On Snowmen and the Secret to Happiness
In culling my closet's contents this holiday season, I've discovered a wealth of memories. I found a book for my brother last week, and today I discovered another childhood treasure: a kindergarten composition, complete with illustrations, that I made when I was five years old. More specifically, I made it on January 10, 1991 … nearly 21 years ago. This yellow, fragile piece of paper features a stick-figure image of me—brown hair, red clothes, big red line signifying a smile. I'm standing next to a snowman, with a white crayon body, three black buttons, a top hat, big arms, and a cheerful face. I've scribbled my name across the top of the image, and written a short essay below.
The text below the images reads, “Met I Snowman. I wis boold a snow man. I wis hape. Wis I wis hape.” An approximate translation of this cryptic passage might read: “I met a snowman. I built a snowman. I was happy. I was happy.”
When I read this now, my first response is laughter—the laughter of recognition, and surprise. That little girl was me. Is me. She built a snowman, and was happy … so happy that she felt the need to repeat herself, just to get the point across. How simple, and yet profound.
My second response to this piece of paper is to remember a story about Willie as a small boy, one that I don't actually remember, but that I treasure nevertheless.
To hear my parents tell it, one winter morning they woke to find Willie missing. He wasn't in his bed, he wasn't watching TV, or eating breakfast. He'd vanished. After a few moments of panic and imagining the worst, my mom opened the front door … only to find her “missing” child happily prancing around the front yard in several inches of fresh snow. The kicker: Willie had apparently remembered to don a tee shirt and snow boots … but he had not felt it necessary to put on underwear or pants before heading out into the frigid winter morning. The lack of these items didn't seem to bother him, however; when my mom found him, he was content, happy, playing in the snow.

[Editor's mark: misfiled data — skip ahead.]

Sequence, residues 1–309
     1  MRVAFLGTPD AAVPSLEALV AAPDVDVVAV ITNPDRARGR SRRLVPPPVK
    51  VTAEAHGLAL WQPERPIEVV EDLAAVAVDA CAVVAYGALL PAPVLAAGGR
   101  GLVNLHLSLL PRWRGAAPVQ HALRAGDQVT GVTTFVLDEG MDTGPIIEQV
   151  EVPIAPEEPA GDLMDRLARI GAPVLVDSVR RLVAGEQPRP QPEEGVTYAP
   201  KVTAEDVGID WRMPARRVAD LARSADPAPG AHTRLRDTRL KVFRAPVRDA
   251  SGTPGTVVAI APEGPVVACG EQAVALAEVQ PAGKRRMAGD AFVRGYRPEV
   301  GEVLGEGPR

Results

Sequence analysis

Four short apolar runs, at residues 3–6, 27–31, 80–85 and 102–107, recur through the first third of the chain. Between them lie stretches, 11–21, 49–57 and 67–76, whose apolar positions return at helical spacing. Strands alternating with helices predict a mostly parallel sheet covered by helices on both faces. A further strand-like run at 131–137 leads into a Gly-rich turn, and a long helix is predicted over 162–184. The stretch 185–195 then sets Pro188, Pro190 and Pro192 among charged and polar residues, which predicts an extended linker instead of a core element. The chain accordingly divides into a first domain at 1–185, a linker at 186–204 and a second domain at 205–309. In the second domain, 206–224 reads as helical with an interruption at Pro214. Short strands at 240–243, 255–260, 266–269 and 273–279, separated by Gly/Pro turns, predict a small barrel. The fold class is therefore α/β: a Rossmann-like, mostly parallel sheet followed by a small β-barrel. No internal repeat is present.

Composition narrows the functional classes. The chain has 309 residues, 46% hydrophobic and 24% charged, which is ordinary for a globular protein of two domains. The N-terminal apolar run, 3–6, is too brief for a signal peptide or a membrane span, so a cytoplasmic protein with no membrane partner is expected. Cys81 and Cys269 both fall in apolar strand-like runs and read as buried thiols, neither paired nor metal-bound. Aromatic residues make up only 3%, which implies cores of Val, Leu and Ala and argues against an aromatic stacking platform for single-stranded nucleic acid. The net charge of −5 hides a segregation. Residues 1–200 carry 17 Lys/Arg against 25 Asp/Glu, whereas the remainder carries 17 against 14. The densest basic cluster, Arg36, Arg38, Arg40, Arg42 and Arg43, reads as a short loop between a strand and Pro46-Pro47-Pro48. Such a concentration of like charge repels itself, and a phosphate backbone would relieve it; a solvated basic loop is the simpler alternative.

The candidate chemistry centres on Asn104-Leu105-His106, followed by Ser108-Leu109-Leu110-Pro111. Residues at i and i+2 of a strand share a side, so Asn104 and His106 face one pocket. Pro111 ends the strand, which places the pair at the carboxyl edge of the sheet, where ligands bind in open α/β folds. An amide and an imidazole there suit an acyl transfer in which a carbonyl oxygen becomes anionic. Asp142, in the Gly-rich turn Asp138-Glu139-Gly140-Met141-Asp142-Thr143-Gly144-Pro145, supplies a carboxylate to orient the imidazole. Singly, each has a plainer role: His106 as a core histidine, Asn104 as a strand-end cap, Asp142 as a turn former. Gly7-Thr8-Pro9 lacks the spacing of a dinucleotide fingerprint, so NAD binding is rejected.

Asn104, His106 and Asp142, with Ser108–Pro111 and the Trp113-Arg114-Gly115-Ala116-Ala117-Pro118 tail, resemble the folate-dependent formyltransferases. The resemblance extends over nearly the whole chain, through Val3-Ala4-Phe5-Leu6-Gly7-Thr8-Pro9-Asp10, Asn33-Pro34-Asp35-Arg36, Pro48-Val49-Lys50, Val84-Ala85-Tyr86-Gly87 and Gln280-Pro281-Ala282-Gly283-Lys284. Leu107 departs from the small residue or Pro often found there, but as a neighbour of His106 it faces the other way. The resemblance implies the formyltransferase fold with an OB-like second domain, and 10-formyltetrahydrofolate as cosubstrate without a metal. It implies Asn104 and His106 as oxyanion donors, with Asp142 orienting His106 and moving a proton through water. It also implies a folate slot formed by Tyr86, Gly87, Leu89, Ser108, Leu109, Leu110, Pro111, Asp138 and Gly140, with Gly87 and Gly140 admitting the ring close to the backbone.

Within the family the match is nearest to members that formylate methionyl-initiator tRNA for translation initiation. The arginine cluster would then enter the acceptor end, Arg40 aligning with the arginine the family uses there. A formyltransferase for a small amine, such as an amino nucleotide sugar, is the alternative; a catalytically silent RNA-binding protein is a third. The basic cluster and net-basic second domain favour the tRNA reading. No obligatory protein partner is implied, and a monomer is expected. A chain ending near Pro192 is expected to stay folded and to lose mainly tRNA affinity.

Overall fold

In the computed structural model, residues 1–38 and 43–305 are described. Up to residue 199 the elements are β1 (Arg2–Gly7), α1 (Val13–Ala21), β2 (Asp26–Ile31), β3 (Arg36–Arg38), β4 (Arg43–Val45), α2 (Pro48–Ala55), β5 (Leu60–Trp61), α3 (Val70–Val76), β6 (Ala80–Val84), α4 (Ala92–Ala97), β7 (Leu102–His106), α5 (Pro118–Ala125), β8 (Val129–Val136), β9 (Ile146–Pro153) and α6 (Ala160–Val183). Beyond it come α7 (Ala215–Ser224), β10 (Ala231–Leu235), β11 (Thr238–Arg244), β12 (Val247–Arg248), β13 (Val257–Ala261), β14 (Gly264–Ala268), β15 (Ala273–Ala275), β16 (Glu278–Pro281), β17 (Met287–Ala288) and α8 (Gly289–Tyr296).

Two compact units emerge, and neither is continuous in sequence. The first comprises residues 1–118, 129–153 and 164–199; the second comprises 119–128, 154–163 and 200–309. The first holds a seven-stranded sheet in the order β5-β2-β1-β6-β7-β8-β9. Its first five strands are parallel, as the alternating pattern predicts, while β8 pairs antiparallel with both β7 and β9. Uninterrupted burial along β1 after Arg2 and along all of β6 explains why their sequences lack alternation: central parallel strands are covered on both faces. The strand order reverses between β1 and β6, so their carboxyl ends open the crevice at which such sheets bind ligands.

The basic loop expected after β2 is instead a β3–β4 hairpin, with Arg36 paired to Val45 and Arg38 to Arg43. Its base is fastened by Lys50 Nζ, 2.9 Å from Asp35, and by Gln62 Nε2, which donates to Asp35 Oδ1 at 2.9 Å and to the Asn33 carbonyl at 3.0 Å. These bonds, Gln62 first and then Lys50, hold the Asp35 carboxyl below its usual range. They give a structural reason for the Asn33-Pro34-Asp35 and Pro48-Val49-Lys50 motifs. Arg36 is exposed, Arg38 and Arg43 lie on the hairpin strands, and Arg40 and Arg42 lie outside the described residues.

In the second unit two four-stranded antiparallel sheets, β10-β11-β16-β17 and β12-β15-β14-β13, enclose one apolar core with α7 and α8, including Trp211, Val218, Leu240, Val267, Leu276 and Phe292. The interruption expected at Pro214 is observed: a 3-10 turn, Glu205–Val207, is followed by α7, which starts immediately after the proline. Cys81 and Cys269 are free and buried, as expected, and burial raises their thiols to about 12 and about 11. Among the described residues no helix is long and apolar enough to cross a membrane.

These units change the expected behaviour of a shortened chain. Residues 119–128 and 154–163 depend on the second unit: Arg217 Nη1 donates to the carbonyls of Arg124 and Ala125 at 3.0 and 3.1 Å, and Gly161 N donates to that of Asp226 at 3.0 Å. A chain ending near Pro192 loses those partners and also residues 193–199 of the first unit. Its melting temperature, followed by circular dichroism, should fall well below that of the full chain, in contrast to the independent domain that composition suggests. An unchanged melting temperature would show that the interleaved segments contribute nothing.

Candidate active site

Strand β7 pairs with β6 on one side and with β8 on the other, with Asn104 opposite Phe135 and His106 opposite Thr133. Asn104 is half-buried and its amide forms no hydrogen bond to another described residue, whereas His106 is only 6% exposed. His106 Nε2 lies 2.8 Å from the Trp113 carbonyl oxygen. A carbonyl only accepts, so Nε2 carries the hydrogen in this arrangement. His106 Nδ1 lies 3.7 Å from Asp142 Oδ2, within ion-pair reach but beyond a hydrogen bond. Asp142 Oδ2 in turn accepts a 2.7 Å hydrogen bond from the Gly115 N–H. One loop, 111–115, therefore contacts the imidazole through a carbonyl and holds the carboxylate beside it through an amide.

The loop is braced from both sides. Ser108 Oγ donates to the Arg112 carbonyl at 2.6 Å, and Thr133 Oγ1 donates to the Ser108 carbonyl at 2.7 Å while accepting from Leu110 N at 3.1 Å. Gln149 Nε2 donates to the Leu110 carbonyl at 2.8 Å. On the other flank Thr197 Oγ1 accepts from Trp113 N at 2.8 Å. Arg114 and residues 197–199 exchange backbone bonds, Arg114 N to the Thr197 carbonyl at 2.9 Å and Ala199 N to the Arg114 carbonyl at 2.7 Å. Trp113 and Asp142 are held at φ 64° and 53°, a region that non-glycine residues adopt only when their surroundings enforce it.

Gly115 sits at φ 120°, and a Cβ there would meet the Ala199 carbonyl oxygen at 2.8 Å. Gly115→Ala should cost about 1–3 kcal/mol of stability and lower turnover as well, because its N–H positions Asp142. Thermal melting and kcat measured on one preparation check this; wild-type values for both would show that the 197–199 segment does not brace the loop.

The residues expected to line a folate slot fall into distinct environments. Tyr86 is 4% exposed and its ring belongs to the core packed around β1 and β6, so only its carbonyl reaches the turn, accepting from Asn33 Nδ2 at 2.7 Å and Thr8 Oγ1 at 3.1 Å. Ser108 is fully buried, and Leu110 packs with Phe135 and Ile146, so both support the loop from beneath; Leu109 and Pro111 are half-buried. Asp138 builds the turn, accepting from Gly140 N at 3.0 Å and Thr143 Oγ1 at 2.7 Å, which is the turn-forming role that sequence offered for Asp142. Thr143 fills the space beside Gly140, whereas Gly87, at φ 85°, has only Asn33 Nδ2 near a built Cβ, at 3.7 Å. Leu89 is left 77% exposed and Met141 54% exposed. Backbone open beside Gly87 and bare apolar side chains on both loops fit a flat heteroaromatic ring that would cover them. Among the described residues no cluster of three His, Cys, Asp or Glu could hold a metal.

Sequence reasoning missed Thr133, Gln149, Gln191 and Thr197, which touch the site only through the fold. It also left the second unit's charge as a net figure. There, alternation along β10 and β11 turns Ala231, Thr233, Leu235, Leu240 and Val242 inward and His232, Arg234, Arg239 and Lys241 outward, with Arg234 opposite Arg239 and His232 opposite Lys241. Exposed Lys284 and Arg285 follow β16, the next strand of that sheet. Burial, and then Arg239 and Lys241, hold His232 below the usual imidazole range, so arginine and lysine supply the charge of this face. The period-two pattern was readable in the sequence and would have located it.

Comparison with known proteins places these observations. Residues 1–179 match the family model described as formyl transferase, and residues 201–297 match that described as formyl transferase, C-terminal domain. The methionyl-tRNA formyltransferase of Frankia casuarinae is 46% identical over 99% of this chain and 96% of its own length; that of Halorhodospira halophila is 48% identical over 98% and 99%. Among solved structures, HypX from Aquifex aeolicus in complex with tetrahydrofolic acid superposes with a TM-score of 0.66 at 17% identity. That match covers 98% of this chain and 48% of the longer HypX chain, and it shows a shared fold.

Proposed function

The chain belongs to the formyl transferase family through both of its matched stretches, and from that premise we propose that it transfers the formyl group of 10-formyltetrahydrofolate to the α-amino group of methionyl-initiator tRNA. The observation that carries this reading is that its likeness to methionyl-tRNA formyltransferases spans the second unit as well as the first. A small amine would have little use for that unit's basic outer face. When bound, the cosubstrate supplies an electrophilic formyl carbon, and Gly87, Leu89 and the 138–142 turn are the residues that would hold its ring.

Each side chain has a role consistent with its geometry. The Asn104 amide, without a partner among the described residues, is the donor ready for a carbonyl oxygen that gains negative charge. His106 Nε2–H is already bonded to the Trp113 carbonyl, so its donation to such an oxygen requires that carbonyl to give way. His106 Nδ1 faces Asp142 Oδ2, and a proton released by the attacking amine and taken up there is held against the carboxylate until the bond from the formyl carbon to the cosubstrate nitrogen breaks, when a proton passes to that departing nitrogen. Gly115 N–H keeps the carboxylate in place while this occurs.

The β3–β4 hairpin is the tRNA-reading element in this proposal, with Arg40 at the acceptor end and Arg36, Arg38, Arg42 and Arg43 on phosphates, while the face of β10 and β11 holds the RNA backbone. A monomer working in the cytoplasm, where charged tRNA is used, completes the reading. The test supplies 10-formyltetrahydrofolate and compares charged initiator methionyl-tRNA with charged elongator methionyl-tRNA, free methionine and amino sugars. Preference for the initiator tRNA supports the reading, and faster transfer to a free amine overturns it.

The connecting threads between my composition and Willie's escapade? Play, delight, and happiness. As children, we know that happiness is significant. Why is it that we let ourselves lose this essential knowledge as adults? Why do we let even our holidays become a flurry of things to do, rather than experiences to savor?
My kindergarten composition has become a touchstone for me, just as the story of Willie running out into the snow is something I love to think of. Both help me to remember what whole-hearted happiness looks and feels like. And thanks to these things, I know something of why we avoid such free-spirited play: It makes us feel vulnerable, and that vulnerability is unnerving. It reminds us that within our adult selves, a child still lives … and that child loves to explore the world and enjoy life.
Somehow, my childhood misspelling (hape) breaks through my defenses every time I think of it. Hape makes happiness seem like a new concept; it opens my heart to possibilities. It has me asking questions such as: What if we did something each day that was the metaphorical equivalent of building a snowman, of running out into the newly-fallen snow in the early morning? If we did, we just might find happiness waiting for us, right where we left it.
That's my challenge to you: Do one thing today that's just for joy, just for fun. There are many ways to do this, just as there are many ways to love. But if you're going outside, do remember to put on pants.